Again, though, the book was actively horrible. It painted poz (HIV-positive) characters out to be anywhere from a jovially irresponsible older man to a young almost-cult-leader type kid who (spoiler alert) literally stabs someone. It paints the kid who is lonely & looking for somewhere to belong as a hopeless case. And, in the one moment where the book had an obvious window of opportunity to at least provide some useful information by informing readers about PEP (post-exposure prophylaxis, kind of like a morning after pill for HIV exposure that they most certainly don’t tell you about in sex ed and about which most adults don’t even know), the author totally drops the ball & sweeps it under the rug, arguably giving inaccurate information about how to deal with an actual HIV exposure. The book was bad. Awful.

Once again, a book which had received this award that is supposed to give librarians access to a few books that are safe to recommend to LGBTQ teens without really closely reviewing them or being knowledgeable about LGBTQ issues has succeeded in being actively bad in a way that I actually fear will hurt teenagers. At this point, I’m not just mad at the authors and their publishers, I’m fuming at the ALA’s GLBT Roundtable, which is probably made up of a bunch of well-meaning librarians who are actually not very knowledgable of LGBTQ issues but who, by virtue of being on this committee, position themselves as experts in the field and put their seal of approval on books that actually hurt the LGBTQ youth who really need them.  I decided to set my sights on becoming a member of the book selection committee within the next few years and also wrote a letter to the chair of the committee expressing my concern.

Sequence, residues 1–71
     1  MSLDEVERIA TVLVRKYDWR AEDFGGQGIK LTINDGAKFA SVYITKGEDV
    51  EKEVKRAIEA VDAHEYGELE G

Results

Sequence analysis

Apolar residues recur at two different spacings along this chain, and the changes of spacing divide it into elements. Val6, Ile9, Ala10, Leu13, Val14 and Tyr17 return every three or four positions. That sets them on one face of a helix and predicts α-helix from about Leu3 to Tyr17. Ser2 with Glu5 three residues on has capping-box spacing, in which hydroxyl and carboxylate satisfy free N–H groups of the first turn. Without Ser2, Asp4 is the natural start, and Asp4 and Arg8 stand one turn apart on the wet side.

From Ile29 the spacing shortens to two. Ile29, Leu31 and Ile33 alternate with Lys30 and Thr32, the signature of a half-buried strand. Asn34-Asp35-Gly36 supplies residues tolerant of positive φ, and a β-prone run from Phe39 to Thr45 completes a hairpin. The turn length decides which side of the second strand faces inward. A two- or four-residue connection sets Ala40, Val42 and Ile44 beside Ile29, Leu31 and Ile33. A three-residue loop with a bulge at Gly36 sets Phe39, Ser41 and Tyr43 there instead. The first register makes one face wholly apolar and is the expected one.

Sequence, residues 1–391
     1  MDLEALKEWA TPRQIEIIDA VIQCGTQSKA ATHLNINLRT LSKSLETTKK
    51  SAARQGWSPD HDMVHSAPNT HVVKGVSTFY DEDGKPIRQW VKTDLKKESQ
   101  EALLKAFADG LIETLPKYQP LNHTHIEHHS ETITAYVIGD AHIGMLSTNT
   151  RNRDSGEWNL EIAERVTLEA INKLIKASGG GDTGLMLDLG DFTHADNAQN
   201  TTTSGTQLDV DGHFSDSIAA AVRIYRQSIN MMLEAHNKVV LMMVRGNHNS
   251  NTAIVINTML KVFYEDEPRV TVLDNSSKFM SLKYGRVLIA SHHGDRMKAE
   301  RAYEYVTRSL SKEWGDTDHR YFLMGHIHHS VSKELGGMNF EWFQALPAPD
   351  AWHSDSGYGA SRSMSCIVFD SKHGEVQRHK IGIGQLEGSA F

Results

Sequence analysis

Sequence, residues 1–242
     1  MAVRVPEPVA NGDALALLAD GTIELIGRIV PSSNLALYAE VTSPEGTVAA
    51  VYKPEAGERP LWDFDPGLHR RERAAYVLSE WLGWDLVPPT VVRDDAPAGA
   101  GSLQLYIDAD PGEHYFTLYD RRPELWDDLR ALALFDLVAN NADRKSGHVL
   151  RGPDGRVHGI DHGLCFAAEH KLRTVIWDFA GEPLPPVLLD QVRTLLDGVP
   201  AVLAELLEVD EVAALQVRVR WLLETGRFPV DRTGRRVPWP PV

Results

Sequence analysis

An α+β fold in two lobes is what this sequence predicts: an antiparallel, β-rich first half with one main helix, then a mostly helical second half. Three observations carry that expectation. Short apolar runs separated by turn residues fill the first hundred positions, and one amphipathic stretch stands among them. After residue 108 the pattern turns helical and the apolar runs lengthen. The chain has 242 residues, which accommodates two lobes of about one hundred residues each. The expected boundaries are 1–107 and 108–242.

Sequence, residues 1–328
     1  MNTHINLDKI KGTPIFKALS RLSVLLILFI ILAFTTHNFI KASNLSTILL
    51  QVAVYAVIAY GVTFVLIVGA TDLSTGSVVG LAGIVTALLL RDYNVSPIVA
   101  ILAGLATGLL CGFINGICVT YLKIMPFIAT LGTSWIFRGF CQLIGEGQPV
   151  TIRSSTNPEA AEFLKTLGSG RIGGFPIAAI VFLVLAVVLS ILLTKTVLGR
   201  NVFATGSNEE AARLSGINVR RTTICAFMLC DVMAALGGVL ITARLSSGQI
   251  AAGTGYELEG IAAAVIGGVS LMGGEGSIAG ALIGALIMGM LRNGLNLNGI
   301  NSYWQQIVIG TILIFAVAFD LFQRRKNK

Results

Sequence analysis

But as a reader, I was left feeling really disillusioned. Much like happened a year ago after reading Almost Perfect, I have been going through a bit of a period of reluctance to being a reader at all since finishing With or Without You. I just feel frustrated with the publishing industry that it’s set up in a way that the kinds of books that need to be out there (like the books I was hoping for when I cracked the spine of Almost Perfect and With or Without You) don’t get published (because we all know they are being written–the people whose life experiences would lead them to write these kinds of books are vibrant and creative people who are writing amazing books that the world will never see! This is why independent publishers such as Topside Press are so important!) and I figure that if the media I consume is being censored even when it comes in the form of literature, I might as well sit around watching bad reality television instead.  At least “Dance Moms” has never tried to trick me into thinking it provides important or useful information.